The Bahamas enacted their own version of the BVI International Business Companies Act in 1990. Since then, over 33,000 IBC's have been registered in the Bahamas. Start-up fees and annual fees for an IBC formed in the Bahamas are less than in any of the other Caribbean tax havens, and about a third less than the costs for a similar company in the Caymans.

The Caymans, like the BVI, received a large number of migrate companies from Panama, although not nearly as many as the BVI, owing to the fact that the cost of forming a company in the Caymans is higher than in either the Bahamas or BVI. The Caymans however remain the Caribbean'' biggest banking tax haven in terms of depositor dollars. It is estimated that more than $400 billion dollars are on deposit in the Caymans more than 5000 banks.

While it is correct to speculate that before the Noriega crisis there were more offshore holding companies registered in Panama than in any tax haven in the world, there were nearly 300,000 active companies on the Panamanian Register at the end of 1993. In 1994, there were 1,300 new companies formed each month, making Panama one of the largest tax havens in the world.

Territorial Concept of Taxation

Panama became a tax exempt offshore jurisdiction in 1916 upon approval of its first Fiscal Code, which exempted all natural or judicial persons carrying out commercial transactions abroad from payment of taxes.

Panama only assesses taxes on income from activities performed within the Republic of Panama, regardless where such income is received. Operating a mine, manufacturing consumer goods, or construction of buildings are taxable events in Panama. The tax rates are high, ranging up to 50%. Special tax incentives for business operating in Panama's Colin Free Zones, plus the fact that Panama will not tax foreign source profits , make Panama one of the world's most celebrated havens in the world.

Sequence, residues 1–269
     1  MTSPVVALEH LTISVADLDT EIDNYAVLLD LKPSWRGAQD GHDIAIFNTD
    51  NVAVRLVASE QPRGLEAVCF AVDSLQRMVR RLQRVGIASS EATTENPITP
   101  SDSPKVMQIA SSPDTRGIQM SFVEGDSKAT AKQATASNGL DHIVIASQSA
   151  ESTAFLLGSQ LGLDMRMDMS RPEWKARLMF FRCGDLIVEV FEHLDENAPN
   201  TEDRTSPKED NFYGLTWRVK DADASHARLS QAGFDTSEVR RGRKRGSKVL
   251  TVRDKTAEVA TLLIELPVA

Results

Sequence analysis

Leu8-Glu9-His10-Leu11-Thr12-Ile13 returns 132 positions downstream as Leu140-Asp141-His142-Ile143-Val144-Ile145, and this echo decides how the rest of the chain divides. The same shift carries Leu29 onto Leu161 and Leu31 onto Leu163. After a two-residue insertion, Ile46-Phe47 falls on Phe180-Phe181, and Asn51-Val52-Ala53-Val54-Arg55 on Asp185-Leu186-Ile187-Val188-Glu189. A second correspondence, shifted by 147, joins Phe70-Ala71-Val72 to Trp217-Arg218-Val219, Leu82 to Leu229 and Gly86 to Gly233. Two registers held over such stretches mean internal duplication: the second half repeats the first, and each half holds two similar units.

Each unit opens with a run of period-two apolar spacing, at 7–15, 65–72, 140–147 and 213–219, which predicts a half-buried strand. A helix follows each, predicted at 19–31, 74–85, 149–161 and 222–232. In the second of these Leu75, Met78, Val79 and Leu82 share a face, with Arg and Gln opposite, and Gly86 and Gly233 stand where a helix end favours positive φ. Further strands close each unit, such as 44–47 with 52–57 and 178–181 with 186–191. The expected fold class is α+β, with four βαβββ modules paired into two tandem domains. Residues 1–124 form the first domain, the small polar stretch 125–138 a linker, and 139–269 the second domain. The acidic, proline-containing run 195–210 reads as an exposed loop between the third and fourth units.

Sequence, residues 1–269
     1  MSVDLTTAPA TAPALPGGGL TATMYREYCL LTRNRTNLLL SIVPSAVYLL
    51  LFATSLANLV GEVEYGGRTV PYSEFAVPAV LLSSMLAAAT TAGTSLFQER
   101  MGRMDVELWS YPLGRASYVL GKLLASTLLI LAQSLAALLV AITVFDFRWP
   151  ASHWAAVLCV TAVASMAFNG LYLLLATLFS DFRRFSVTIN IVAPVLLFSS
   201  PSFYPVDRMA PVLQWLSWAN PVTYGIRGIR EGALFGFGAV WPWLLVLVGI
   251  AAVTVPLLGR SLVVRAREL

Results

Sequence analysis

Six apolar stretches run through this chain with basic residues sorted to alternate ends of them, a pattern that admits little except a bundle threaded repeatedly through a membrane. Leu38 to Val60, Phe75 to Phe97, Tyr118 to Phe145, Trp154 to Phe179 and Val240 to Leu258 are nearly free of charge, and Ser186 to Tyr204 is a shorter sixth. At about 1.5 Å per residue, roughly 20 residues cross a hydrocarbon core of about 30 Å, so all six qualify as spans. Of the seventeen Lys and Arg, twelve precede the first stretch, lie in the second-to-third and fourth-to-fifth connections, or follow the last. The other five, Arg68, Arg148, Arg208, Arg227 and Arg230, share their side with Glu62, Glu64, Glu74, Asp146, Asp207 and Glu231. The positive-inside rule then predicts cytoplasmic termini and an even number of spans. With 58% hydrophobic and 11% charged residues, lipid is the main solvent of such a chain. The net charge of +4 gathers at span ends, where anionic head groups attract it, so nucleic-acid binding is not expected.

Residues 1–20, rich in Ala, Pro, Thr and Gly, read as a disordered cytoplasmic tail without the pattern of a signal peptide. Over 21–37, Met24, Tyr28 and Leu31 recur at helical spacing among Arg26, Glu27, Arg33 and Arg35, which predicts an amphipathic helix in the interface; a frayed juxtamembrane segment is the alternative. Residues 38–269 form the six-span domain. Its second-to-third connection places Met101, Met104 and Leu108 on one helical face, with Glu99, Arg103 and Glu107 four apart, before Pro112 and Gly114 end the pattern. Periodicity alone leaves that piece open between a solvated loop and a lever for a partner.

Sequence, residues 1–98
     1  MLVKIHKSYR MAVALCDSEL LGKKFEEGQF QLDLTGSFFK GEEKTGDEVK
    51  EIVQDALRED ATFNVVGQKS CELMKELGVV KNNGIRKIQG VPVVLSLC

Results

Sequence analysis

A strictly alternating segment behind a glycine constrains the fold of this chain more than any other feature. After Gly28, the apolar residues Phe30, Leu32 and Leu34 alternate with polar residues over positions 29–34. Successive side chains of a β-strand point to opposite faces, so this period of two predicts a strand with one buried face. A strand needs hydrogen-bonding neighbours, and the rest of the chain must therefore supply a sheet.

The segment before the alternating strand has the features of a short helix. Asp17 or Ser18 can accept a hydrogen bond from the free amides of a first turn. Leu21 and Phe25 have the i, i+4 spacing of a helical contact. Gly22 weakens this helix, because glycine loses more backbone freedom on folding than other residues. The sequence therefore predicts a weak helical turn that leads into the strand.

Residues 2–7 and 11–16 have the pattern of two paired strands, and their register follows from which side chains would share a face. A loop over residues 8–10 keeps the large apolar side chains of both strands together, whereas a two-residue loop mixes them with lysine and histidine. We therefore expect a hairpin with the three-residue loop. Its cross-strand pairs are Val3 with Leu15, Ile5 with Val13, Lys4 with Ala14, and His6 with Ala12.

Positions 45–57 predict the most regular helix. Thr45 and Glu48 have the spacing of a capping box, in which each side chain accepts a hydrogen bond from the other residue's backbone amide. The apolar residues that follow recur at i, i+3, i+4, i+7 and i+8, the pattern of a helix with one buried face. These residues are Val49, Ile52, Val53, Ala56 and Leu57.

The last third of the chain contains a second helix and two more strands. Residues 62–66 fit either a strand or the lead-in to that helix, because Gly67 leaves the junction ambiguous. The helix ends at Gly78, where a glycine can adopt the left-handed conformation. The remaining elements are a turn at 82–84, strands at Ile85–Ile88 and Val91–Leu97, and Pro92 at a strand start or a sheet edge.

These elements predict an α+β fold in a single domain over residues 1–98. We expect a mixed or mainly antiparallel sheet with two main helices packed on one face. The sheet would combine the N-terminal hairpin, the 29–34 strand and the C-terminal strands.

No tax on "foreign source incomes"

Panama is not a zero-tax haven like the Bahamas or the Caymans. Panama is a tax haven because it refuses to tax companies on their foreign source income . The exemption for foreign source incomes is unlikely to be changed in the foreseeable future. The Panama economy derives substantial benefit from its tax haven business. The following lists items of income considered foreign source under the Panamanian tax system, thus exempt from all tax.

  1. Income from subsidiaries incorporated and doing business in other countries.
  2. Dividends received on foreign investments from anywhere in the world.
  3. Capital gains on the sale of shares in foreign companies.
    (Courtesy of New Providence Press: Tax Havens of the World ).
Find the contact names, addresses, numbers and information for local government offices, banks, accountants, company formation services, investment and management companies, advisors, experts, maildrops, real estate agents and other useful local contacts in the THE OFFSHORE MANUAL & DIRECTORY .